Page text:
“Damn his eyes,” Glaucus muttered, fervently hoping that Pyrrhus was as thinly clad as he was. Not that the curse was needed – everyone even remotely connected to the Capitol’s political doings knew that Pyrrhus’ body and soul had probably been damned a hundred times over by now. The man had been behind more assassination, embezzlement, and general skullduggery than the rest of the senate combined.
And this was precisely the reason why he was still in power.
At last, Glaucus rounded the last corner and saw the dark cathedral. Groaning in relief, he limped toward the front doors and slumped against them, ready to stumble into the comparative warmth…
The huge oak doors were locked tight.
Glaucus began to pound on the door, careless of the street, heeding only the howling wind and the chill of the snow melting in his hair. Slowly, the door creaked open. Without even stopping to see who was inside, Glaucus stumbled gratefully into the firelight.
Pyrrhus’ voice sent a fresh chill down Glaucus’ spine.
“What have you brought me?”
Glaucus’ teeth would not stop chattering as he edged towards the burning brazier. Pyrrhus was sitting nearby, feet propped lazily toward the fire, seated comfortably on thick cushions. He was surrounded by large, martial figures that bristled rather unsettlingly with blades of various size and serration.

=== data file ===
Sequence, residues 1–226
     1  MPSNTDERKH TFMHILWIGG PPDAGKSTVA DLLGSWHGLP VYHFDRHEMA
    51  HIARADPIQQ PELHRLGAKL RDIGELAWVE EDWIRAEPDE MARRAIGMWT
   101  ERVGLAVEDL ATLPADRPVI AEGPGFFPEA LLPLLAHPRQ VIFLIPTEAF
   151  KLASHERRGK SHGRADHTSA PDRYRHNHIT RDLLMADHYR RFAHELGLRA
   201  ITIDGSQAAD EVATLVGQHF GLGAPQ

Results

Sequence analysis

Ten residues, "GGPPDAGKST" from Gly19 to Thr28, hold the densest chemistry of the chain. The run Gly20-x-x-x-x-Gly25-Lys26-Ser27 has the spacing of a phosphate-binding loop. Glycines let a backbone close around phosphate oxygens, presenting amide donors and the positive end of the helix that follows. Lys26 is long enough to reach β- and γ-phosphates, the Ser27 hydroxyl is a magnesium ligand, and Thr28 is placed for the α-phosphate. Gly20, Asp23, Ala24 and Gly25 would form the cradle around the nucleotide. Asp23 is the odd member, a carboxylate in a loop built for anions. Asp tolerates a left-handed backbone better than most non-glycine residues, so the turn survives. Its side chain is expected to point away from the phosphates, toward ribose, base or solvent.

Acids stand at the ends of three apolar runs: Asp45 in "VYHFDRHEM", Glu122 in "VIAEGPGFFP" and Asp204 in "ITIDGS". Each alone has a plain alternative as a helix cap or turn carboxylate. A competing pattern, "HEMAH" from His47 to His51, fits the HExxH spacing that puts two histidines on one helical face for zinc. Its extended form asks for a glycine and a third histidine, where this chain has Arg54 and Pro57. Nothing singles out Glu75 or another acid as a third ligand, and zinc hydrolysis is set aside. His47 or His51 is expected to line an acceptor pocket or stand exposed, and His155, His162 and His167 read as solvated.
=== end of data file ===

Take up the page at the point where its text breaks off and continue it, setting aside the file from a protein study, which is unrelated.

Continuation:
There was no response from the seated figure. After a few awkward moments, Glaucus fumbled in his cloak and produced a wrapped package.
“I don’t suppose…”
Glaucus was interrupted as Pyrrhus snapped his fingers. A huge guard snatched the package from Glaucus and passed it to the recumbent senator.
“Thank you, Sergeant,” the senator said lazily.
Glaucus shivered helplessly, eying the huge guard as Pyrrhus pulled a scroll from the leather tube and began to read. He was younger than Glaucus by at least fifteen years, but his eyes were old and deep with ill-gotten power and cunning. Glaucus began to feel more than slightly aware of his loneliness in the dark.
The old man flinched as the church door slammed open again. Two more dark-cloaked guards lumbered inside, seemingly heedless of the miserable chill. They did not bother to close the door.
“He was not followed, my lord.” The taller of the two had a rumbling voice; Glaucus could not see his face, but his accent was strange.
“Good. Shut the door, Sergeant, the man is freezing. I still need him for a bit longer, you know.”
As the door rumbled shut, Glaucus edged away from the new men. Somehow, he felt that it would not be wise to interrupt Pyrrhus’ reading.
Then Pyrrhus sucked in a breath through his teeth.
“Death and damnation. He has betrayed us.”
Pyrrhus rolled up the scroll and cast it into the brazier.